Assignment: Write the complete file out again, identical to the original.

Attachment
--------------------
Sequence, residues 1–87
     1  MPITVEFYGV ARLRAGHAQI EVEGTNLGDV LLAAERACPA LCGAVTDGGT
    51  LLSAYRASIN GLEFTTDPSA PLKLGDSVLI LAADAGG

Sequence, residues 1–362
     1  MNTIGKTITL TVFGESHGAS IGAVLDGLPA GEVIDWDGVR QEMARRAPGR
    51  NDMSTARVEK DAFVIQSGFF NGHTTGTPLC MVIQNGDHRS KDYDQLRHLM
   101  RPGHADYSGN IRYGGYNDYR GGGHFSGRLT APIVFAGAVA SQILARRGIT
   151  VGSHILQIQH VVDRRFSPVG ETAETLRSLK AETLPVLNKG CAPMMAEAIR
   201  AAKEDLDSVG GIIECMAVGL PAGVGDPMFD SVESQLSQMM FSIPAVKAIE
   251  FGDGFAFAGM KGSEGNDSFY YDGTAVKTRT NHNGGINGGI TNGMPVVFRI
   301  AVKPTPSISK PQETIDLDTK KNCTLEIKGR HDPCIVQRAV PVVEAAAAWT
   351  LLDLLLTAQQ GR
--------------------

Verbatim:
Sequence, residues 1–87
     1  MPITVEFYGV ARLRAGHAQI EVEGTNLGDV LLAAERACPA LCGAVTDGGT
    51  LLSAYRASIN GLEFTTDPSA PLKLGDSVLI LAADAGG

Sequence, residues 1–362
     1  MNTIGKTITL TVFGESHGAS IGAVLDGLPA GEVIDWDGVR QEMARRAPGR
    51  NDMSTARVEK DAFVIQSGFF NGHTTGTPLC MVIQNGDHRS KDYDQLRHLM
   101  RPGHADYSGN IRYGGYNDYR GGGHFSGRLT APIVFAGAVA SQILARRGIT
   151  VGSHILQIQH VVDRRFSPVG ETAETLRSLK AETLPVLNKG CAPMMAEAIR
   201  AAKEDLDSVG GIIECMAVGL PAGVGDPMFD SVESQLSQMM FSIPAVKAIE
   251  FGDGFAFAGM KGSEGNDSFY YDGTAVKTRT NHNGGINGGI TNGMPVVFRI
   301  AVKPTPSISK PQETIDLDTK KNCTLEIKGR HDPCIVQRAV PVVEAAAAWT
   351  LLDLLLTAQQ GR